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My Profile - Populating Forms from the Database

In the prior post we showed you how to build a parent form which performs an asynchronous (AJAX) call to dynamically repaint a child form.

In this post we'll detail the child form.

First we need to create a path (url) which maps to our form. Drupal calls it's request dispatching mechanism "Menu Callbacks". We implemented hook_menu() already, we'll add a new callback definition:

     $items['my_profile/admin/add_alias/js/%'] = array(
        'load arguments'=>array(5),
        'page callback' => 'my_ajax_get_form',
        'page arguments'=>array('admin_add_alias_form',4),
        'access arguments' => array('access content'),
        'type' => MENU_CALLBACK,
    );

So we just created a URL http://MYSITE/myprofile/admin/add_alias/js/. Our parent form will make an ajax call to this url to repaint the following form. The "%" allows to use a wildcard, we'll pass the user's numeric identifier. We use the numeric identifier to look up the correct record in the database.

function admin_add_alias_form(&$form_state,$uid) {
 
    $name = '';
 
    if (count($form_state['post']) == 0) {
        $dbResult = db_query(
            'select name from {users} where uid = %d',$uid);
        if ($dbResult) {
            $name = db_result($dbResult);
        }
    } else {
        $name = $form_state['post']['name'];
     }
 
    $weight = 0;
    $form['#redirect'] = 'my_profile/maintenance';
 
    $title = 'Alias settings for '.$name;
 
    $form['contact'] = array(
        '#type' => 'fieldset',
        '#title' => t($title),
        '#weight' => 5,
        '#collapsible' => FALSE,
        '#collapsed' => FALSE,
    );
 
    $form['contact']['alias'] = array(
        '#type'=>'textfield',
        '#title'=>t('Alias'),
        '#default_value'=>'',
        '#maxlength'=>80,
        '#size'=>60,
        '#weight'=>$weight++);
 
     $form['contact']['cancel']= array(
        '#prefix'=>'<table><tr><td>',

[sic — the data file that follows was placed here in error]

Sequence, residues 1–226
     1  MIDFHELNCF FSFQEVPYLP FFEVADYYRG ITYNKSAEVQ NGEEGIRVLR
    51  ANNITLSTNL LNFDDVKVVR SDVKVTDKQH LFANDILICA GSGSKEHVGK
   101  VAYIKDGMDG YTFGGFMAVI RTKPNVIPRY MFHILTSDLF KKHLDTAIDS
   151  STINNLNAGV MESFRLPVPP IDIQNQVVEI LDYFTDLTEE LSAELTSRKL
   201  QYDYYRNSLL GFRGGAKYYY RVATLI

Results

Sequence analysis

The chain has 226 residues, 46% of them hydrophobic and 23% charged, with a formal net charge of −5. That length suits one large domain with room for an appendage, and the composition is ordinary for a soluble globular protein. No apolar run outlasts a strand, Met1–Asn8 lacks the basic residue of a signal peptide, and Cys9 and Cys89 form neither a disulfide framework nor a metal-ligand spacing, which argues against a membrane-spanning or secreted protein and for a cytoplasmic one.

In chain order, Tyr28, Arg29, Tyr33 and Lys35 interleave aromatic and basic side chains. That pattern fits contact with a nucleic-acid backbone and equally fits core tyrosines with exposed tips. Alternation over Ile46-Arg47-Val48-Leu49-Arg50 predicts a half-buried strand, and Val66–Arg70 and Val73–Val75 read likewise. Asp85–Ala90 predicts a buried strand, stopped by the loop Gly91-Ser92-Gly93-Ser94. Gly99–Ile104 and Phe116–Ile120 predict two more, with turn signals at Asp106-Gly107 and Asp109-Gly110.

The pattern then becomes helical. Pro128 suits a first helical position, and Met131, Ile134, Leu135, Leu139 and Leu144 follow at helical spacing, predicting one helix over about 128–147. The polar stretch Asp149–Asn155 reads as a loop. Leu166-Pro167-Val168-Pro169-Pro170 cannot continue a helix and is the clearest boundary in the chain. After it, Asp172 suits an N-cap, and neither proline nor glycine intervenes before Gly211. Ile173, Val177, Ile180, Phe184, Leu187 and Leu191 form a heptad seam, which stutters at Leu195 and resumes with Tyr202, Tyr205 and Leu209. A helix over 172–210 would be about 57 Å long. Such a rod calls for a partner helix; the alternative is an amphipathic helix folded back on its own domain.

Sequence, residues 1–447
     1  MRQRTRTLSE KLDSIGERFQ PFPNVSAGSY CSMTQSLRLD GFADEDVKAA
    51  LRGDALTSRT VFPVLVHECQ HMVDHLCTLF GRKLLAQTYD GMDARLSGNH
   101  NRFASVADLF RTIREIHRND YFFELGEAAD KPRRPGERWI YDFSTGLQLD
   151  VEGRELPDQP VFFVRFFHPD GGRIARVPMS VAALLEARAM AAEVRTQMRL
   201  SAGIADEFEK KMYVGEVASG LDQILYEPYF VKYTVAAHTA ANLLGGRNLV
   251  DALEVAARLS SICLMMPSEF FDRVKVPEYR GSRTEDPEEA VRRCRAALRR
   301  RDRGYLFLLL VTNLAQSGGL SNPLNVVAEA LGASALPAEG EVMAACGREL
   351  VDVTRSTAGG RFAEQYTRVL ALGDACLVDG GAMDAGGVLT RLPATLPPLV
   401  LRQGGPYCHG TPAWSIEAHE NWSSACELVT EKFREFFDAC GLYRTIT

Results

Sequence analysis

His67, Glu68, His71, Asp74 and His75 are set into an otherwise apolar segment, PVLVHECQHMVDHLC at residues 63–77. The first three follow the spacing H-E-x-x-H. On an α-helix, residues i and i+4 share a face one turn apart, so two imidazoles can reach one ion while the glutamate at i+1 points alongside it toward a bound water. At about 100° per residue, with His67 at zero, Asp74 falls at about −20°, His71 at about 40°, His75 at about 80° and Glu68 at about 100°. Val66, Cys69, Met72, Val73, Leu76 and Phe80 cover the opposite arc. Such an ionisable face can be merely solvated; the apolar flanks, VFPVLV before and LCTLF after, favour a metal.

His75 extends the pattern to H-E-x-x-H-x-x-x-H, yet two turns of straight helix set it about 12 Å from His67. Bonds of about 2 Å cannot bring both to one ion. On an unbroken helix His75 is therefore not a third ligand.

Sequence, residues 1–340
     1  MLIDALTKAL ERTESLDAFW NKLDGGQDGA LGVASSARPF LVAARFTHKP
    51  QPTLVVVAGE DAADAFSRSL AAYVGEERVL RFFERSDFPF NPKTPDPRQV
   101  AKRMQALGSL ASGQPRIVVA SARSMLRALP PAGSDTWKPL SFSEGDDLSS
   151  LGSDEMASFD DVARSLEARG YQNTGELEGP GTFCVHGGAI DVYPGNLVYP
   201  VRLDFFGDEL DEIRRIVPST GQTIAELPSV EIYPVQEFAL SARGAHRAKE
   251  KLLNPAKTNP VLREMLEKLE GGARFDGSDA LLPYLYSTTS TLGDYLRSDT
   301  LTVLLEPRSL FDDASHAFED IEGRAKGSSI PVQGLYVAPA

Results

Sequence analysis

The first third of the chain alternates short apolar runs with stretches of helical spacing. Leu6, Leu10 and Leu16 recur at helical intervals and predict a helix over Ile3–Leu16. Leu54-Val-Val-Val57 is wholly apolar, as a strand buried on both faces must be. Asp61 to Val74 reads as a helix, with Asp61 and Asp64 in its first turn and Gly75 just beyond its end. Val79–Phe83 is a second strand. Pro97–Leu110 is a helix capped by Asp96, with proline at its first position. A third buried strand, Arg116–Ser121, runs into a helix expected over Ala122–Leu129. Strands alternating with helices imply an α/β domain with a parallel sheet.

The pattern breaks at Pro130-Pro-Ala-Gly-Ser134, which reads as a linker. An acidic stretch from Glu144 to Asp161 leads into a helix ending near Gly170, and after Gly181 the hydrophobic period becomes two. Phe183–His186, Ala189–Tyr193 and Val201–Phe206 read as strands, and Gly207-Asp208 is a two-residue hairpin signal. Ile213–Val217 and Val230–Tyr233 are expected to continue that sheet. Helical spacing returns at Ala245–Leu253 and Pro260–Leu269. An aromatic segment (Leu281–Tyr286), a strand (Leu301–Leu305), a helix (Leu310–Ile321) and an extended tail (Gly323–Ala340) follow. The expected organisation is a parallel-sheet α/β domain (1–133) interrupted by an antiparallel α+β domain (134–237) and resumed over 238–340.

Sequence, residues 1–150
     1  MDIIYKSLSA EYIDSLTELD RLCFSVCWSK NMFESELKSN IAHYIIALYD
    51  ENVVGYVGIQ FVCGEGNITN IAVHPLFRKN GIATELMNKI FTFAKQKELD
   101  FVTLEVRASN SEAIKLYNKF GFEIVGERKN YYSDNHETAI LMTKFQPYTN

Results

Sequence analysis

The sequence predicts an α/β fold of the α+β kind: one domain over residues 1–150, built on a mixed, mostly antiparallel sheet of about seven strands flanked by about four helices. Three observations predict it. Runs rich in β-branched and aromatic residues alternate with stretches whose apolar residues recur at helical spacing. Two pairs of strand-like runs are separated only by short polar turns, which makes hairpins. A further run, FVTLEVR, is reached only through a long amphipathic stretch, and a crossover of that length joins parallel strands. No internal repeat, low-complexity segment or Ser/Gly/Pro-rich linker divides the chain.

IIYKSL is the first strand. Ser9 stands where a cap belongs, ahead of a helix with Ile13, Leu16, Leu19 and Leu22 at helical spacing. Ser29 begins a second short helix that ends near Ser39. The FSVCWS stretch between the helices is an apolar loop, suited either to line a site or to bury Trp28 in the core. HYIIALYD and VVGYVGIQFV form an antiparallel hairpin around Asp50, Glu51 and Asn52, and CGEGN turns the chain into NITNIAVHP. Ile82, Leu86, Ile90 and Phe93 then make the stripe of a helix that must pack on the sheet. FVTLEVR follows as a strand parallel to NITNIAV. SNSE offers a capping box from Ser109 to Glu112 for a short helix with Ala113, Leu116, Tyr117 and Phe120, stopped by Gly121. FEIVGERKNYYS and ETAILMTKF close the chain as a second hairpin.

'#suffix'=>'</td>',
        '#type'=>'submit',      
        '#value'=> t('Cancel'),
        '#weight'=>$weight);
 
    $form['contact']['submit']= array(
        '#prefix'=>'<td>',
        '#suffix'=>'</td></tr></table>',
        '#type'=>'submit',
        '#value'=> t('Add Alias'),
        '#weight'=>$weight);
 
    $form['name'] = array(
        '#type'=>'hidden',
        '#value'=>$name
    );
 
     $form['uid'] = array(
        '#type'=>'hidden',
        '#value'=>$uid
    );
 
    return $form;
}
 
 
function admin_add_alias_form_validate($form, &$form_state) {
    if ($form_state['values']['op'] == 'Cancel') {
        return;
    }
 
    if (empty($form_state['values']['alias'])) {
       form_set_error('alias',
          "Alias Must Have A Value"
       );
    }
 }
 
function admin_add_alias_form_submit($form, &$form_state) {
    switch($form_state['values']['op']) {
        case 'Cancel' :
            drupal_set_message('Operation Cancelled');
            drupal_goto('my_profile/maintenance');
        break;
        case 'Add Alias' :
            $dbResult =  addAlias(
                 $form_state['values']['alias'],
                   $form_state['values']['uid']);
            if ($dbResult) {
                drupal_set_message(
                   $form_state['values']['alias'].
                      '  Added Successfully');
            } else {
                drupal_set_message(
                        'Unexpected Exception: Unable to add ' .
                        $form_state['values']['alias']);
            }
        break;
    }
}

Explanation:

In this example we removed the "required" attribute from the "alias" text field. That way we corrected the logic flaw I talked about earlier. We also added a custom validation handler.

If an administrator blanks out the current alias and then clicks on cancel we ignore the blank field. However, if the administrator clicked on submit with a blank field, our validation handler throws an error.

The form function is fairly simple. Drupal forms by default set the form's action attribute to the same page. Therefore, the path that we mapped will get called twice when either the submit or cancel button is clicked.

We don't want to do a database lookup twice if we don't have to. What we do instead is:

  • First time form function is called we go to the database and do our lookup.
  • The "post" array tells us whether the form is being called for the first time or not.
  • After we do our database look up, we store the "name" value in a "hidden" field. That way we can use the user's name for as a success of failure message.

The submit handler simply uses our dao objecto to save the update (and/or delete) the database.